Part No: TN-0006.0806Issued year: 2006File size: 0.86mbFile type: pdf
Purify up to 400 grams of compound at 1 L/min with the Biotage Flash 150™ system, up to 2x faster than traditional glass columns. This robust stainless steel system safely operates at 100 psi enabling high flow rates and the use of higher viscosity solvents. A variety of cartridge media provides
chemists with selectivity choices for optimal purification conditions. Simple and reliable, this system contains everything needed to begin your separations.
Part No: TN407.1107Issued year: 2007File size: 0.07mbFile type: pdf
FlashVac-10 and -20 Sample Processing Manifolds are used
to process standard Luer tipped ISOLUTE work-up columns.
Constructed from glass or high density polyethylene, the
FlashVac manifolds are compatible with commonly used
reaction and work-up solvents.
Part No: Issued year: 2015File size: 1.88mbFile type: pdf
User Report: Isolera™ Dalton, Okayama University. The laboratory of Prof. Hiroyuki Miyachi at Okayama University installed Biotage’s Isolera Dalton, an automated mass-directed purification system for flash chromatography, allowing the fractionation and collection of optical isomers. “I felt like the world’s first mass-detection automated purification system had finally arrived.”
Part No: AN792Issued year: 2013File size: 2.3mbFile type: pdf
This application note describes fully automated liquid handling of the extraction of a range of drugs from urine, which are typically screened for forensic toxicology panels, using ISOLUTE® SLE+ 96-well supported liquid extraction plates.
drugs of abuse, TECAN, automated, ISOLUTE SLE+
Part No: AN115Issued year: 2018File size: 0.49mbFile type: pdf
This application note describes optimization for a fully automated synthesis and on-resin cyclization of oxytocin enabled by Branches™, a unique software feature of the Biotage® Initiator+ Alstra™ peptide synthesizer.
Part No: P150Issued year: 2016File size: 0.39mbFile type: pdf
Interest in peptide-based therapeutics has risen dramatically over the last decade. More specifically, significant energy has been dedicated to cyclic peptides, their synthesis, their biological activity, and their biological stability as potential alternatives to their linear counterparts. However, synthesizing a cyclic peptide creates significant challenges not encountered in linear peptide synthesis.
Herein we present a synthesis of oxytocin describing optimization for fully automated, on-resin disulfide bond formation utilizing Branches™, a unique feature enabling visualization and specific programing for cyclic and branched peptide synthesis. We will highlight the transferability of this optimized synthesis to larger scale syntheses and conclude with the fully automated synthesis of cyclized oxytocin incorporating an isotopically labeled Leu residue, enabling use as an internal standard in MS experiments.
Part No: TN113.V.1Issued year: 2020File size: 1.09mbFile type: pdf
ISOLUTE® HCX columns are based on cation exchange and C8 mixed mode chemistries. Basic drugs are therefore retained by two primary retention mechanisms - ionic and non-polar. This allows a more rigorous interference elution regime to be used, leading to a very clean final extract, as many non-polar interferences which are retained by a non-polar interaction alone, can be eluted selectively, prior to elution of the drug.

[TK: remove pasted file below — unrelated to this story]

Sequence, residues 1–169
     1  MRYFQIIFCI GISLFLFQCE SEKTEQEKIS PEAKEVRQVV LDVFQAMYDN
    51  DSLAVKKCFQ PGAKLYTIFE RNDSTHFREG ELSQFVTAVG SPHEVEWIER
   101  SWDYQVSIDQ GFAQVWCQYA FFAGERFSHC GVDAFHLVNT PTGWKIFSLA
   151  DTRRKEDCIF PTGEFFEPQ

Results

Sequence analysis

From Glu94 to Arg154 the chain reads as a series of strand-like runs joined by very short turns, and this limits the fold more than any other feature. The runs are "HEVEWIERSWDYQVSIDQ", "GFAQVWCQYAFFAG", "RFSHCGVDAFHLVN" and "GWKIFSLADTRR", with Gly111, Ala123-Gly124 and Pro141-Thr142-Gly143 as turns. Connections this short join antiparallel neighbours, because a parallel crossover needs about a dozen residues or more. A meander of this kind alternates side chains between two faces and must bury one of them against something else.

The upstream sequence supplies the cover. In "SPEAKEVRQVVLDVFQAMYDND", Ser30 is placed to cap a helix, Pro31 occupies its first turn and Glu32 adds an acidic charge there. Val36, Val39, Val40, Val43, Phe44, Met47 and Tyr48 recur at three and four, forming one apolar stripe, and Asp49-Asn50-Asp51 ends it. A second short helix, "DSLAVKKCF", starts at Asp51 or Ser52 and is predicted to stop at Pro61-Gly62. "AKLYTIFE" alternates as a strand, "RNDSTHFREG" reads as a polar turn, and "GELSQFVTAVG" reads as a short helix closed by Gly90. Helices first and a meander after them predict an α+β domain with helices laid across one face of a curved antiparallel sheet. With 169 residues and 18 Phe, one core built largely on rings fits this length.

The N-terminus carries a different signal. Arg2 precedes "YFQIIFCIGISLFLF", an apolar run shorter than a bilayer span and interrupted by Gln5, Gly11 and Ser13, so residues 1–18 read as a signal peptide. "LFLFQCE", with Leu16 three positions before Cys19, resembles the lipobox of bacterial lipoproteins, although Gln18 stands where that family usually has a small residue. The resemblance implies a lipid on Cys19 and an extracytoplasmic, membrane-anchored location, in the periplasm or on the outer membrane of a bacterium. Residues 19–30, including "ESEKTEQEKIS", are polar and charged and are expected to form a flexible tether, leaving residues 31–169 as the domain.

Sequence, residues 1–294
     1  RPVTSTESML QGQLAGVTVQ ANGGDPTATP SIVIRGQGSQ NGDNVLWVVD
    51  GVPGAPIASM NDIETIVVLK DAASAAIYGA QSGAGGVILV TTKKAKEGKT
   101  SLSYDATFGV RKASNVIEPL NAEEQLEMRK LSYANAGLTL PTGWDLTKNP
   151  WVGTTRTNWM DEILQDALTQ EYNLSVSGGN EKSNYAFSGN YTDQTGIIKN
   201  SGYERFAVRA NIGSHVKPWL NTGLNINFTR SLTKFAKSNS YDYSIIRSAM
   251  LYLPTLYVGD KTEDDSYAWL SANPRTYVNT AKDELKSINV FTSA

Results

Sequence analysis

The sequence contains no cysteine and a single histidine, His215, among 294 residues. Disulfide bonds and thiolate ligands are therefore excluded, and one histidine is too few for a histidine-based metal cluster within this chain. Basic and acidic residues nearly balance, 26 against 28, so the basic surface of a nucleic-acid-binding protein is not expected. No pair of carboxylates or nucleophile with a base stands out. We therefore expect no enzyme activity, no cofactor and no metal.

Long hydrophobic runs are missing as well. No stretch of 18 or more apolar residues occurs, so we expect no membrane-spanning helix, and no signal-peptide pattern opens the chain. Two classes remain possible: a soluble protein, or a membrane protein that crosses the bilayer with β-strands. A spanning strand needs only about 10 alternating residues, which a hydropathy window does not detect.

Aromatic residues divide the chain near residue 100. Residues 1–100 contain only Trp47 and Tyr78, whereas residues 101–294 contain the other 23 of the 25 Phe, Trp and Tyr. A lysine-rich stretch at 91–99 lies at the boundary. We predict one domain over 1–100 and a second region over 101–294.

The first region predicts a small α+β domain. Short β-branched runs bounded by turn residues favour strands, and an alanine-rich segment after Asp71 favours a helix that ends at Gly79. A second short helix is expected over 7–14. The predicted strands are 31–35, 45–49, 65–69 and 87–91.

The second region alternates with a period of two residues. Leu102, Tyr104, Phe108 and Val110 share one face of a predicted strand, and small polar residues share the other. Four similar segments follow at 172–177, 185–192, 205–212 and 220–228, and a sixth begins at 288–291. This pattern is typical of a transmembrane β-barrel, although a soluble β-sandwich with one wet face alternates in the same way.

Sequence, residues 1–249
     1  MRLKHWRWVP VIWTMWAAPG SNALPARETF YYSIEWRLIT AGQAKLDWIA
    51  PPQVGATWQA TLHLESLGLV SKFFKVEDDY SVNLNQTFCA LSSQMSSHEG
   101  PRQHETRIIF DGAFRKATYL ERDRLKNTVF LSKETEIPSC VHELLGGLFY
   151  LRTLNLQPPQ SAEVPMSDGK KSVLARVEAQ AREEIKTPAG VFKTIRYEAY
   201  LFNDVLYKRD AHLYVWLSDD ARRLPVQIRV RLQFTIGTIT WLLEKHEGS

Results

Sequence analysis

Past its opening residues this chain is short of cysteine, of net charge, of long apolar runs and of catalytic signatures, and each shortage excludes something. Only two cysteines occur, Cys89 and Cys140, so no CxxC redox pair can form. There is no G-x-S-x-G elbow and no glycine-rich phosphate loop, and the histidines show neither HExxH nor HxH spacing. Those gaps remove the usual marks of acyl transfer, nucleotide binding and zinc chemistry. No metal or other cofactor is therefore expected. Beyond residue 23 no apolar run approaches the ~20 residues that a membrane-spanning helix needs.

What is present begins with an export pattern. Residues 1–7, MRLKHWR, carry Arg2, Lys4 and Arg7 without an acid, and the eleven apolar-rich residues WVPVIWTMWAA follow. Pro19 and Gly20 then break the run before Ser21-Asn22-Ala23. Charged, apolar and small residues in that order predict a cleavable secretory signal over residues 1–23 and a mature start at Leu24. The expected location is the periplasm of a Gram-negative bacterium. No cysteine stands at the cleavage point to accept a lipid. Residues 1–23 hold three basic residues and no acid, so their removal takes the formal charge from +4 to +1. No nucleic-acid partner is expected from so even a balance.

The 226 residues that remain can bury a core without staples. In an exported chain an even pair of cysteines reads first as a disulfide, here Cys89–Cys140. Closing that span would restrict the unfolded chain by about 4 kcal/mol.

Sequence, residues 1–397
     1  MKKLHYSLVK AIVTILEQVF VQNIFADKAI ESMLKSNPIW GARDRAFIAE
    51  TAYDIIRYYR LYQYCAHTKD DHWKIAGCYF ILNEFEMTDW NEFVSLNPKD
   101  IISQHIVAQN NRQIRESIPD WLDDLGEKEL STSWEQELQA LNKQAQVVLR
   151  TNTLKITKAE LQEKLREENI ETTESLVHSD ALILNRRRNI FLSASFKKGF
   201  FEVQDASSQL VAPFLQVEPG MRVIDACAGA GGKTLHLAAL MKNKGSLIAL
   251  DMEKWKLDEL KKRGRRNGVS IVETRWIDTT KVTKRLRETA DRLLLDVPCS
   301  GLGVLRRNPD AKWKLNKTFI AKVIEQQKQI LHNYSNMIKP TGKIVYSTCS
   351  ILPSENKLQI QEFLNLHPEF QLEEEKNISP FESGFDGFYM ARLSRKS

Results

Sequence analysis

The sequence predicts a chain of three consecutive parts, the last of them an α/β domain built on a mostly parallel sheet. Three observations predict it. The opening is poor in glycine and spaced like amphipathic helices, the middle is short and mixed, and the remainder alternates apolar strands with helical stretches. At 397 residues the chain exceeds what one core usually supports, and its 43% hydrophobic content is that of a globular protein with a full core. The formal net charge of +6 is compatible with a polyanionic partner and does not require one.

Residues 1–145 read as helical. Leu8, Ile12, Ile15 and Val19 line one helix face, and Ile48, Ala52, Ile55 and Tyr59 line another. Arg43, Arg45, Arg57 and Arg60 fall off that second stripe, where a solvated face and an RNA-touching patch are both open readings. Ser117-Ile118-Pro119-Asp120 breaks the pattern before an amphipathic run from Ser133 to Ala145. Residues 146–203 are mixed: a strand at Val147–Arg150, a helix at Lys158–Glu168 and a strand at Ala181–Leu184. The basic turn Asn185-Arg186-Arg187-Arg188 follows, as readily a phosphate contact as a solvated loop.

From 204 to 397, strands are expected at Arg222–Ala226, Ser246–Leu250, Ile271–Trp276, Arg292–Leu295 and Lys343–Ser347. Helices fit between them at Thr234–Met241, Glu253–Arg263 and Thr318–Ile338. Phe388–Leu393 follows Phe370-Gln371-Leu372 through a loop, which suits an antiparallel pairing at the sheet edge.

Part No: P024Issued year: 2008File size: 1.9mbFile type: pdf
It is well known that traditional liquid-liquid extraction (LLE) provides very clean extracts prior to LC/MS analysis. Supported liquid extraction is analogous to traditional LLE, however, analyte partitioning takes place using an inert support material, rather than two immiscible liquids. This provides excellent extraction efficiencies while alleviating many of the tedious liquid handling issues associated with LLE.
Part No: TN116Issued year: 2006File size: 0.07mbFile type: pdf
The extraction of basic drugs from biological fluids using a purely non-polar retention mechanism (e.g. C4, C8 or C18) can lead to extracts that contain a large amount of non-polar co-extracted material that can interfere with subsequent analysis. Conversely, extraction mechanisms based on ion exchange interactions can be non-robust due to the variable ionic strength of the sample matrix.
Part No: TN129.V.1Issued year: 2020File size: 0.73mbFile type: pdf
The use of ISOLUTE HCX mixed-mode sorbents is widely accepted for providing high purity extracts of basic drugs from biological fluids. The ISOLUTE HCX-Q sorbent utilizes a combination of weak cation exchange and C8 non-polar retention mechanisms.
Part No: Issued year: 2014File size: 1.02mbFile type: pdf
Testing for drugs of abuse in oral fluids can strongly benefit the criminal justice field as a less invasive and cost-effective approach for drug detection when compared to blood or urine sampling. Oral fluid analysis has facilitated laboratory analysis for many drugs of abuse and is a constantly evolving analysis procedure which benefits from increasingly sensitive methods of detection. The Laser Diode Thermal Desorption (LDTD) source combined with Mass spectrometry is presented as a new screening tool for drug analysis in Oral Fluids. Analysis speed of LDTD provides accurate results in seconds in combination with exceptional specificity of MS instruments make a powerful platform for the screening of different drugs of abuse and new emerging drugs. Different extraction procedures are available; however those methods depend on specific drug conditions: basic or acid drugs / hydrophilic or hydrophobic. A new extraction approach, Supported Liquid Extraction (SLE+) is evaluated as generic extraction procedure.
Part No: UI400Issued year: 2018File size: 0.11mbFile type: pdf
The tasks carried out during the Preventive Maintenance (PM)
visit shall include servicing the listed components and a final
check, which is based on factory acceptance and qualification
tests. These two procedures constitute a Gilson Preventive
Part No: AN056Issued year: 2012File size: 0.2mbFile type: pdf